Introduction to the Puritans
Witches and death seem to be the opposite of saints and everlasting life, but the Puritans search for truth resulted in lies and the famous Salem witchcraft trials. Find out what went wrong and how some Puritan beliefs live on in you.
The beliefs of the Puritans still affect the beliefs of Americans. The Puritans wanted a “pure” religion that they could no longer have in England, so in the 1600s they went to America. They valued reading the Bible and following its values. They greatly valued education. According to Kathryn VanSpanckeren, between 1630 and 1690, “there were as many university graduates in the northeastern section of the United States, known as New England, as in the mother country….They wanted education to understand and execute God's will as they established their colonies throughout New England.”
Puritan writing had one goal: to teach people “the importance of worshipping God and of the spiritual dangers that the soul faced on Earth.” The Puritans wrote spiritual diaries, poetry, sermons, and documented religious history. William Bradford and Anne Bradstreet are excellent examples of Puritan writers who sincerely wanted to help people understand the word of God.
Sadly, the Puritans efforts to be "good" led them to become judgmental. Since there was no separation between religious rules and governmental laws, people could be punished for not attending church, working on a Sunday, dressing improperly, or other "crimes" against God. Also, the Puritan belief in a spiritual world caused them to accept as evidence the words of accusers who said they had seen the spirits of others attack them. Studying Arthur Miller's play The Crucible shows how dangerous judging others without good evidence can be.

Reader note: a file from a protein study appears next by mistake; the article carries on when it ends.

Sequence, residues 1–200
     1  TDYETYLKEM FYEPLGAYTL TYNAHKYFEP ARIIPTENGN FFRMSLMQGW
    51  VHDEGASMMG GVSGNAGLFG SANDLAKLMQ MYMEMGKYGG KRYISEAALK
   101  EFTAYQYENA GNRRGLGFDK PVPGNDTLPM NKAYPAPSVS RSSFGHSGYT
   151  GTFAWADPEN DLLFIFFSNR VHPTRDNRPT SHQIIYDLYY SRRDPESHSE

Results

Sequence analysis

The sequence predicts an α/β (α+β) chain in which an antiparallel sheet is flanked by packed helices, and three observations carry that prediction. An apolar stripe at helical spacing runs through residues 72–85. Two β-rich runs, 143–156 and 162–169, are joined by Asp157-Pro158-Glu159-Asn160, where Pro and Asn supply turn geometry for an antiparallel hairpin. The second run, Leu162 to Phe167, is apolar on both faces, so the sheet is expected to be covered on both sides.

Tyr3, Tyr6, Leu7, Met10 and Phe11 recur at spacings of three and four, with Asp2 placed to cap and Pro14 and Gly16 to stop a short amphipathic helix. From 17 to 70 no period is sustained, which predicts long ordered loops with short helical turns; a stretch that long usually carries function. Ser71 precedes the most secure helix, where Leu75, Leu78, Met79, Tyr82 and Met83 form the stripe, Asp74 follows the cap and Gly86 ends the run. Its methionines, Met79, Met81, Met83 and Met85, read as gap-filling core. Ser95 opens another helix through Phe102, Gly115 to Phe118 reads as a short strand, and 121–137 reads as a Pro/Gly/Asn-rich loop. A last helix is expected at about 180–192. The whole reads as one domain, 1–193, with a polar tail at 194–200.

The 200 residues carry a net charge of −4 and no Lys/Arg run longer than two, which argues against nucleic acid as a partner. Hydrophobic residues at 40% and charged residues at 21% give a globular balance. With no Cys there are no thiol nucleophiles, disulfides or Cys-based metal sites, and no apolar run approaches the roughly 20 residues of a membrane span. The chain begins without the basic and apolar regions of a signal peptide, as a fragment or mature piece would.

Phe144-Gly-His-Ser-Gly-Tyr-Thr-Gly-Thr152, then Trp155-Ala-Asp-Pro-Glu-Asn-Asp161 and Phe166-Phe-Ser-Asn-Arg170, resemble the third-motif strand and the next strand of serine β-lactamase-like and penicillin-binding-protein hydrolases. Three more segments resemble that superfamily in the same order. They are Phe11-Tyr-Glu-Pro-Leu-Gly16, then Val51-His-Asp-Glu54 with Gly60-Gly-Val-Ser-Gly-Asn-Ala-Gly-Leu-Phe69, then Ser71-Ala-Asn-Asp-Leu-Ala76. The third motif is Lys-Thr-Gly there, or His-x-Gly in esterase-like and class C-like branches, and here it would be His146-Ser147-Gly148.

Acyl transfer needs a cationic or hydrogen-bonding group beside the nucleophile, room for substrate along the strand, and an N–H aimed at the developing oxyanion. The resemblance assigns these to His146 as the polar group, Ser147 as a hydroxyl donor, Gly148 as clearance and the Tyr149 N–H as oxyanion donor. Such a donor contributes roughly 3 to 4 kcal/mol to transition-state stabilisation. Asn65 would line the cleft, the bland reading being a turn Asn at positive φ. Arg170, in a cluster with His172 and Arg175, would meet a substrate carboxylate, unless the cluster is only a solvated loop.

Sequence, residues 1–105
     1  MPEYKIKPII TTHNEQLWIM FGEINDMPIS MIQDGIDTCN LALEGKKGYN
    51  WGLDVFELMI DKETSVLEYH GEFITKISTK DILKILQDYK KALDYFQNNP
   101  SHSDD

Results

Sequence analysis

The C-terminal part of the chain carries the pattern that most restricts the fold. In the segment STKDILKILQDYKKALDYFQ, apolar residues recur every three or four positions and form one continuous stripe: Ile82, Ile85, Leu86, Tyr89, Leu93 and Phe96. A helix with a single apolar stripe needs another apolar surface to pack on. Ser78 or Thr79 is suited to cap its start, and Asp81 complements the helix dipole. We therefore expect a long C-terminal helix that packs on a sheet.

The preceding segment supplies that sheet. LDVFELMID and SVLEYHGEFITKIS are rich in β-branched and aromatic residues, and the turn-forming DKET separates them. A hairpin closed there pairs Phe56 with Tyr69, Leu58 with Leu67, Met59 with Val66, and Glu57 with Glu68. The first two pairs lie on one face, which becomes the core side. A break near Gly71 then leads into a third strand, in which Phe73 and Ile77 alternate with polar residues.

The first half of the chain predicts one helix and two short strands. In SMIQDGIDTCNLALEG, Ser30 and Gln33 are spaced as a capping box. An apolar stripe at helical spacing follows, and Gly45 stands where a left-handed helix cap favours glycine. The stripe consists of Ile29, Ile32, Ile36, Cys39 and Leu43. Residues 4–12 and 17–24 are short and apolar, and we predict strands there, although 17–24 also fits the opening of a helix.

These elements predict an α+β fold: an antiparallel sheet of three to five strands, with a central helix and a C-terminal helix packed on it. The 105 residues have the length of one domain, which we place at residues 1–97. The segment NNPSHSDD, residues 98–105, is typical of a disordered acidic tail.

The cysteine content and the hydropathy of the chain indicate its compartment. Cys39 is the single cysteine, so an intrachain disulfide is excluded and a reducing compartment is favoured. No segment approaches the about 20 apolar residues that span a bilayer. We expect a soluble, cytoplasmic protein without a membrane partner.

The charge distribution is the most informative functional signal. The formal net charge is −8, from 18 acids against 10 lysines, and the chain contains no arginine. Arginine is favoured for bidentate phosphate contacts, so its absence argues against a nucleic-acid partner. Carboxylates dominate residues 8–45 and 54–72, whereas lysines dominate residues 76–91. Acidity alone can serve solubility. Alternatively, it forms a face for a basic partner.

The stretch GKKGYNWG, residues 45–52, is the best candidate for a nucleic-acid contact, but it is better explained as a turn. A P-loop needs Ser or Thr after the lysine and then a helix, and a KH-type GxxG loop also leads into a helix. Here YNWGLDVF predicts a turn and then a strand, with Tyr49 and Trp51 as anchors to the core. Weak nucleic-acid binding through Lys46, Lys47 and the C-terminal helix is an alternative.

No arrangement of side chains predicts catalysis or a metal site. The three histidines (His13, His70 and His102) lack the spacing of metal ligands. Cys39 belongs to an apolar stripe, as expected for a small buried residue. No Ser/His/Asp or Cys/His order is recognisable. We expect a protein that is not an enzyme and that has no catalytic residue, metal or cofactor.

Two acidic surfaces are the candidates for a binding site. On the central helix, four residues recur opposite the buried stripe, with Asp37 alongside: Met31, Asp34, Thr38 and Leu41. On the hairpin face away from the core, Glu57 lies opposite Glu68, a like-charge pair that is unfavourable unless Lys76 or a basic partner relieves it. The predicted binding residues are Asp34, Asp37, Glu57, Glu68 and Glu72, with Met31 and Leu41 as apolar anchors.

Much of America’s success is the result of the Puritan belief in “ambition, hard work, and an intense striving for success” VanSpanckeren). Success showed that they were following God’s directives and would be able to go to heaven to have eternal life. They believed that everything they had in life came from God.
“The first Puritan colonists who settled New England… were known at the ‘Pilgrims.’ They were a small group of believers who had migrated from England to Holland – even then known for its religious tolerance – in 1608, during a time of persecutions” (VanSpanckeren),
· 1600 – 1860
· Taught that ambition, a good education, God’s blessing, and hard work led to success
· Believed humanity’s role in the universe was to worship God and follow His word
Read more from Dr.VanSpanckeren at http://www.america.gov/st/arts-english/2008/May/20080504215102eaifas0.427685.html#ixzz0yZq9BlOB